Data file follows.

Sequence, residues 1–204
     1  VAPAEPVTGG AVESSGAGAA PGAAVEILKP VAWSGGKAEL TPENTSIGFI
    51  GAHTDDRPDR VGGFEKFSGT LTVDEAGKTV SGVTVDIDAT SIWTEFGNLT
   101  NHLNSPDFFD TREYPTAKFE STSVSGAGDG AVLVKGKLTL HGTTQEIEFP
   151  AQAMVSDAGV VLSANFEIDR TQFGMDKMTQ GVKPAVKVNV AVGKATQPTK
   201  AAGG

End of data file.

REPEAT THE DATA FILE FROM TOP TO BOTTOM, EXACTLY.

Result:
Sequence, residues 1–204
     1  VAPAEPVTGG AVESSGAGAA PGAAVEILKP VAWSGGKAEL TPENTSIGFI
    51  GAHTDDRPDR VGGFEKFSGT LTVDEAGKTV SGVTVDIDAT SIWTEFGNLT
   101  NHLNSPDFFD TREYPTAKFE STSVSGAGDG AVLVKGKLTL HGTTQEIEFP
   151  AQAMVSDAGV VLSANFEIDR TQFGMDKMTQ GVKPAVKVNV AVGKATQPTK
   201  AAGG